However, if that is worrying, surely more worrying is the other side of the equation in respect of the definition of debt. We have seen that debt cannot today be measured by what goes on the balance sheet. We have had many references to the realms of accounting for private finance initiative liabilities and the valuations of the long-term service contract elements. However, it cannot any longer be in the interests of transparency to maintain significant amounts of liability off balance sheet and to allow significant ambiguity in valuation.

My last cause of concern is about investment, which is a central part of the golden rule: the Government will borrow only to invest and not to fund spending. I am aware that the economics and business definitions of “investment” can be slightly different, but even under the broader, economics definition, there is an expectation that money spent as an investment will generate some new or additional outcome or produce a result that will be used to give benefit in future.

When one looks at statements by Ministers on their spends, it is often difficult to determine what the investment element is. Actually, I have considerable sympathy with them on that, because the issue is complex. When looking at IT spend, for example, I have seen for myself that it is sometimes difficult to know whether software development should be characterised as investment or current spend. The only point that I would make on that is that under the regime imposed on local government, there is a much stricter and clearer definition of what is and is not capital.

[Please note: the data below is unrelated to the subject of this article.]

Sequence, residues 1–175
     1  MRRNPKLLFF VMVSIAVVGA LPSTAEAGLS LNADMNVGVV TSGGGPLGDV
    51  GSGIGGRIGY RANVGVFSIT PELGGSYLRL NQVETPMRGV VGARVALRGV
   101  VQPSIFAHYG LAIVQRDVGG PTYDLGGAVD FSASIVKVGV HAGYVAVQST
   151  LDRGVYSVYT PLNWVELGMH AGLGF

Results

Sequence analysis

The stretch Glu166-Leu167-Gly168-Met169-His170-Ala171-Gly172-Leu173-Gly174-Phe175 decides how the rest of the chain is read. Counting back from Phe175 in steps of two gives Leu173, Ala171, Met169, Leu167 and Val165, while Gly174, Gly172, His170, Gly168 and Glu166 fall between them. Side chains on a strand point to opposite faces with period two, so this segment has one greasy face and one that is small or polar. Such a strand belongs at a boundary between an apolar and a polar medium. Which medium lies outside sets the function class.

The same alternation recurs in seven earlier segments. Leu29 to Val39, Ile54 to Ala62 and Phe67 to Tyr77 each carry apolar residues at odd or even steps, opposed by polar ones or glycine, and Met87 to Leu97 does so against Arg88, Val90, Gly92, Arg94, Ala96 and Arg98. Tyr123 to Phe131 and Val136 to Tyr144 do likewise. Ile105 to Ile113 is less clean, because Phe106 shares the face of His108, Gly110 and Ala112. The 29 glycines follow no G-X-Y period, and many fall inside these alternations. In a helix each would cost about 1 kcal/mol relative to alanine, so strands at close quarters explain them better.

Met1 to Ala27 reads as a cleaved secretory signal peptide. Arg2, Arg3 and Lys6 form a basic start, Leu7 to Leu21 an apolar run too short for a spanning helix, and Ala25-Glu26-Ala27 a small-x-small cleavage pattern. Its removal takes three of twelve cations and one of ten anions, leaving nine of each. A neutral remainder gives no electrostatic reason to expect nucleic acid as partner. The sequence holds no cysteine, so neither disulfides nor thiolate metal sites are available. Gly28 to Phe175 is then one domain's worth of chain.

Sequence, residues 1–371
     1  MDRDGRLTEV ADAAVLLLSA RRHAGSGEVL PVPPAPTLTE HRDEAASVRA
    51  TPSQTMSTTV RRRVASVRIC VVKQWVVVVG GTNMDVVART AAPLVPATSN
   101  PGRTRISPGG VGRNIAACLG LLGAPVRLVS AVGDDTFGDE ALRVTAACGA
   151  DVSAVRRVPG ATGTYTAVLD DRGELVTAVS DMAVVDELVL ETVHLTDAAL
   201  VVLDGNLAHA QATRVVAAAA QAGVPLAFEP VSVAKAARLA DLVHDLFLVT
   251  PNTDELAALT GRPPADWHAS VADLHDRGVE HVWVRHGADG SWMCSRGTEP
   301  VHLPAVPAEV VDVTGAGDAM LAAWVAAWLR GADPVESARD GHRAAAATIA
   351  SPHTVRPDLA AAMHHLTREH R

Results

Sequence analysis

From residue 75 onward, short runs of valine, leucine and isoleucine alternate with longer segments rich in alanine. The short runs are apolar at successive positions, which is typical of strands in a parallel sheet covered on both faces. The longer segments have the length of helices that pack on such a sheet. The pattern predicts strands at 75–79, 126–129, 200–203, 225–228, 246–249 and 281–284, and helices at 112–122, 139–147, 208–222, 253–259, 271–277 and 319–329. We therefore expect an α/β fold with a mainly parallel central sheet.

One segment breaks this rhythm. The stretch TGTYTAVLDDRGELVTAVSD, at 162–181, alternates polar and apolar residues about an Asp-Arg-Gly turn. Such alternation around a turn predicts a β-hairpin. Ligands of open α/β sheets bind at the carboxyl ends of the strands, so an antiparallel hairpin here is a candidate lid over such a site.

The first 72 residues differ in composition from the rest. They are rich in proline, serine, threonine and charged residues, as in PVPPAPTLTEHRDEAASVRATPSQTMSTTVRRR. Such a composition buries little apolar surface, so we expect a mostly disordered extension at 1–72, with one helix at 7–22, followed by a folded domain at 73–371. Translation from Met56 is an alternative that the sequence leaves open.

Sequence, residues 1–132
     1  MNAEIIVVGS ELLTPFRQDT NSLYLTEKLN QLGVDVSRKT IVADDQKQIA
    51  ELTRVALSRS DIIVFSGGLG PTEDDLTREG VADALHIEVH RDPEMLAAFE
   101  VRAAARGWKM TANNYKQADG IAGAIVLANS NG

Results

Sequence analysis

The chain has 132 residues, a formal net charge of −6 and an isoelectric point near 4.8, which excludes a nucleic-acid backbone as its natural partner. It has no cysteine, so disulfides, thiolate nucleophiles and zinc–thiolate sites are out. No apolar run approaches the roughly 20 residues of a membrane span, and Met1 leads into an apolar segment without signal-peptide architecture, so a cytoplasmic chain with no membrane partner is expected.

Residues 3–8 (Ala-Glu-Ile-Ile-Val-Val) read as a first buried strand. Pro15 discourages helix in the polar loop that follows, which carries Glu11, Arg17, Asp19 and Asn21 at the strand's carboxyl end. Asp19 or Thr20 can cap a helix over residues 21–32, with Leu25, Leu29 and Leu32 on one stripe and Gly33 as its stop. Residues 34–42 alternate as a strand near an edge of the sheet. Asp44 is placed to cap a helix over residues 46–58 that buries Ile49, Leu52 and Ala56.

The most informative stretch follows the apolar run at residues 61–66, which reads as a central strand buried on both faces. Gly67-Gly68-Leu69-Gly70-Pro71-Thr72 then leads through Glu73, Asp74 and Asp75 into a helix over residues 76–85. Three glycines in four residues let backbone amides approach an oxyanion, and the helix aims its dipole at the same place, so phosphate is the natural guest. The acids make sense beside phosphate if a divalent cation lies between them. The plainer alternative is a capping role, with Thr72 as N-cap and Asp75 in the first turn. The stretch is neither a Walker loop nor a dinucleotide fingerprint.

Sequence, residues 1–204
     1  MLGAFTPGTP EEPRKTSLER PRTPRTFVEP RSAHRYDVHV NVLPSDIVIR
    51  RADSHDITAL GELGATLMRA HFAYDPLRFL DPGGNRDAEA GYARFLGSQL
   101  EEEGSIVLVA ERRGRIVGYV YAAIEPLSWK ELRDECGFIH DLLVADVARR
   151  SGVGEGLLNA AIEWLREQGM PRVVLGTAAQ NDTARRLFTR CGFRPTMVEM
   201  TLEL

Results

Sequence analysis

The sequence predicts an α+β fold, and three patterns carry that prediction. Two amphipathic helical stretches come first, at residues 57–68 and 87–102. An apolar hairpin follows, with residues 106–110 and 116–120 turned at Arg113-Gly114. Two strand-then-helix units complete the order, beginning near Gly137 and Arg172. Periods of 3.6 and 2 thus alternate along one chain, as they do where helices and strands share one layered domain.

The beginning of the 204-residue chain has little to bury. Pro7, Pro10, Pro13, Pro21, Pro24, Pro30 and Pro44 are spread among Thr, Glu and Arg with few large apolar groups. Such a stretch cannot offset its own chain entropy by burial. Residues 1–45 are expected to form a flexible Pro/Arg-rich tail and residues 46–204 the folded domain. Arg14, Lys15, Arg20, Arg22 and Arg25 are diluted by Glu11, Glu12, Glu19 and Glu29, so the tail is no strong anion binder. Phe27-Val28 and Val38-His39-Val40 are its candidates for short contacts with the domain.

We have two choices: first, we tighten the rules so that the investment criteria of any spend characterised as investment are richer. If the distinction has become irrelevant or there is a problem with transparency, or
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accounting rules will not allow that, the current criteria clearly do not deserve to be at the centre of fiscal policy. We have ended up in the worst of all worlds: we have a system of fiscal rules that now constrict flexibility in how the economy can be managed, but are themselves so full of holes that they provide less credible help in the management of the economy.

Clearly, the fiscal rules were designed for an economy completely different from the one that we now face. Many of the benchmarks must have been seen at the time to be in no way stretch goals or stretch targets that should be kept to, and that must at least have contributed to the imprudence of the years in between. It is time that the rules were abandoned and that a new framework that sets a more rigorous prospectus for the public finances—with comprehensive definitions of measurement criteria that are less susceptible to political interference—was introduced.

6.9 pm

Mr. Austin Mitchell (Great Grimsby) (Lab): I am slightly surprised that this is an Opposition day debate, because I would not have thought that any sensible Opposition would want to create an opportunity to display their ignorance of basic economics in such a way. My right hon. Friend the Secretary to the Treasury—I mean Chief Secretary; it is difficult to keep up with her meteoric rise, on which I congratulate her—was right to attack the economic illiteracy that lies behind the Opposition’s motion. I wondered whether the idea came from New Zealand’s Fiscal Responsibility Act, in which they have been displaying considerable interest, but I concluded that it could not have done because that imposes duties on the Opposition in the shape of a requirement to say, if they propose an increase in expenditure, what they are going to cut or where the money is going to come from to sustain that increase. We could do with that in relation to our Opposition, who are proposing all sorts of things without telling us how they will be paid for or how they will be combined with the programme of cutting public spending and taxation.